Portrait of a (Working) Mother is both a book (2019) and a touring exhibition of photographs and testimonies, co-edited and co-curated by Italian freelance photographer Marina Cavazza and Lithuanian scholar Egle Kackute (Universities of Maynooth and Vilnius). Portrait has previously been reviewed on the Make Mothers Matter website, and the exhibition has recently toured Geneva, Dublin (June 2018), and elsewhere. The exhibition shows a set of photographic and documentary case studies exploring the day-to-day routines, life projects and survival strategies of working mothers who leave their home countries. It emphasizes the extreme mobility that is required by the increasingly uncertain job market, and how the demands of the latter impact upon both family and workplace.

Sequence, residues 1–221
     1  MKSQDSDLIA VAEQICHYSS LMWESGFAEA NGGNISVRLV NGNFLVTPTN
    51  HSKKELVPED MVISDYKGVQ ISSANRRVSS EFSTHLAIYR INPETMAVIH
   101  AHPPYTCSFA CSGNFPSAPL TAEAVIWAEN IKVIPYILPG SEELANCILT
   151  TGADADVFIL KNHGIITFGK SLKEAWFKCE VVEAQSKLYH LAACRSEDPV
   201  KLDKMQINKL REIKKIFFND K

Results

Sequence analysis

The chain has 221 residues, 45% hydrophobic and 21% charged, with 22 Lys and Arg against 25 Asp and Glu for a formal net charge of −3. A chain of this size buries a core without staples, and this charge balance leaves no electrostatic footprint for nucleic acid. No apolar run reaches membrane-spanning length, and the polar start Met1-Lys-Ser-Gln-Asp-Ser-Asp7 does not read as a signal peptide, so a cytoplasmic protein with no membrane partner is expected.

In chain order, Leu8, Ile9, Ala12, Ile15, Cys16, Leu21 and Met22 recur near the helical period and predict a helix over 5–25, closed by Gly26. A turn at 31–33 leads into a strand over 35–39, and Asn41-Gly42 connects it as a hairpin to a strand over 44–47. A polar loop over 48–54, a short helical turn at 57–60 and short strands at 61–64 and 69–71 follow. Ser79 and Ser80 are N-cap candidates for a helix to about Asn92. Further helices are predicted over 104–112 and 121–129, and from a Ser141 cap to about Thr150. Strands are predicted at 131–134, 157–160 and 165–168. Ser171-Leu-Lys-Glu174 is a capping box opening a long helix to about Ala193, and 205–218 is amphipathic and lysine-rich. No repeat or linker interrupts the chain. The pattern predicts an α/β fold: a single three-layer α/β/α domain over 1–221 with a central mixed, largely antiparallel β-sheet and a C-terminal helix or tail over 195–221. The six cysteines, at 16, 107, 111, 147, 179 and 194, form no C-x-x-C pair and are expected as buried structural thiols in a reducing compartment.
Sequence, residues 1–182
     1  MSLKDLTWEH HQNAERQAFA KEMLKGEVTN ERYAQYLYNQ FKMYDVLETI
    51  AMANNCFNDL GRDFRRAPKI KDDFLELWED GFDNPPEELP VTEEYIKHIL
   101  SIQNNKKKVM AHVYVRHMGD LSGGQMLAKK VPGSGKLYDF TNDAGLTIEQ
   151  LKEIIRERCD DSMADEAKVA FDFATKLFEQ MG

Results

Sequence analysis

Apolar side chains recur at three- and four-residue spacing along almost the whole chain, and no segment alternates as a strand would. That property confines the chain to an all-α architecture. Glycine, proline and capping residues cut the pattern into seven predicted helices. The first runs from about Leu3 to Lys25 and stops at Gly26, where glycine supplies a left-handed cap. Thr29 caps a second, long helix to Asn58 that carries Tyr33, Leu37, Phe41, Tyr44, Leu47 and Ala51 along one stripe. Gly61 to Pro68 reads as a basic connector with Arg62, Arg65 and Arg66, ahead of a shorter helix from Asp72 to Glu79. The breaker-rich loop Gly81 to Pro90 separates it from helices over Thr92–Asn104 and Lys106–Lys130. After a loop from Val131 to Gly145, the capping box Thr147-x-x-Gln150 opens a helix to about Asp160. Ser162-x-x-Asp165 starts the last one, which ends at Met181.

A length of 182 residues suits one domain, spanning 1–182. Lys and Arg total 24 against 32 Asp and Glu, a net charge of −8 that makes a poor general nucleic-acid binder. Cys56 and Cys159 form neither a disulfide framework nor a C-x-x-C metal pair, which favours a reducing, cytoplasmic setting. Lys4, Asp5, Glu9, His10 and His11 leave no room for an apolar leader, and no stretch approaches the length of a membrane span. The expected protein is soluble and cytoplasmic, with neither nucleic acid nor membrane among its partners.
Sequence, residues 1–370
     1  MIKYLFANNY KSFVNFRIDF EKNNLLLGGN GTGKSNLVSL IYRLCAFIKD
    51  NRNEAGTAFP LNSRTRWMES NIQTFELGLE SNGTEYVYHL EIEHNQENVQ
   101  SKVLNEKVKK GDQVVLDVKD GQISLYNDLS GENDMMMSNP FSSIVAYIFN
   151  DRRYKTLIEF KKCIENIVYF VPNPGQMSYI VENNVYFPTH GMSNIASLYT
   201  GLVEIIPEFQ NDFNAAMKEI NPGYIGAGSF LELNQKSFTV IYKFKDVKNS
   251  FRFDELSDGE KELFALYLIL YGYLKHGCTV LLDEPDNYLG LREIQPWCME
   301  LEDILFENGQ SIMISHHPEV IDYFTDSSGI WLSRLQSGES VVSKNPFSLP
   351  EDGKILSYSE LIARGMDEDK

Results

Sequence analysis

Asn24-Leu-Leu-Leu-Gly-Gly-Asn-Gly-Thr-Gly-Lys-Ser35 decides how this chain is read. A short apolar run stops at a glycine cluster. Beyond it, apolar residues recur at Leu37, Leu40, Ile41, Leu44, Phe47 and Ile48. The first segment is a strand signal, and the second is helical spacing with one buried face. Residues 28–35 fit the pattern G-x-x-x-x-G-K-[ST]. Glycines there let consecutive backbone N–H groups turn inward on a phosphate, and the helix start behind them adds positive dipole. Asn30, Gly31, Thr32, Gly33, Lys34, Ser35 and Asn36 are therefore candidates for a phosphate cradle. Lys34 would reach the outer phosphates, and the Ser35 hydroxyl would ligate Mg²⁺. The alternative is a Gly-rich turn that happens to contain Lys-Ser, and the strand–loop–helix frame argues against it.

Accuracy: Based on data showing that women make up some 25% of all professionally employed expatriates today, Marina and Egle set out in 2013 to ask the following questions of a sample cohort of Geneva-based professional women, all expatriates in their mid-thirties: What happens to their careers when they decide to have children? How does that affect their professional and social status? Do they continue their career or go under the radar as members of an unaccounted for, supposedly non-productive, female population that passively follows the main (male) mover to a new location abroad? Do they thus become appendages to an international male elite, concentrating on home-making and keeping the family together, however temporarily? Does the (often involuntary) nomadism impede their personal development or does it create new opportunities and boost ambitions?